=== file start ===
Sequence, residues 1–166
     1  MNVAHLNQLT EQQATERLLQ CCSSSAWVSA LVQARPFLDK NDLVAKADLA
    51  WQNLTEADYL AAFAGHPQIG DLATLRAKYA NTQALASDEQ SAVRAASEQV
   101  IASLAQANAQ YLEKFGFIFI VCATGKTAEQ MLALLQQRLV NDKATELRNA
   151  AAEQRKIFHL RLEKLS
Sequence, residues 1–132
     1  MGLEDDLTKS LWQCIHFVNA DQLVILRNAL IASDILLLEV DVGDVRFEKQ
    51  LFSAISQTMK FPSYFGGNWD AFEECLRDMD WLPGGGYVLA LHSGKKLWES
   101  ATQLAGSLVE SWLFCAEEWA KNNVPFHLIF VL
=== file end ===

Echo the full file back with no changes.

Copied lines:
Sequence, residues 1–166
     1  MNVAHLNQLT EQQATERLLQ CCSSSAWVSA LVQARPFLDK NDLVAKADLA
    51  WQNLTEADYL AAFAGHPQIG DLATLRAKYA NTQALASDEQ SAVRAASEQV
   101  IASLAQANAQ YLEKFGFIFI VCATGKTAEQ MLALLQQRLV NDKATELRNA
   151  AAEQRKIFHL RLEKLS
Sequence, residues 1–132
     1  MGLEDDLTKS LWQCIHFVNA DQLVILRNAL IASDILLLEV DVGDVRFEKQ
    51  LFSAISQTMK FPSYFGGNWD AFEECLRDMD WLPGGGYVLA LHSGKKLWES
   101  ATQLAGSLVE SWLFCAEEWA KNNVPFHLIF VL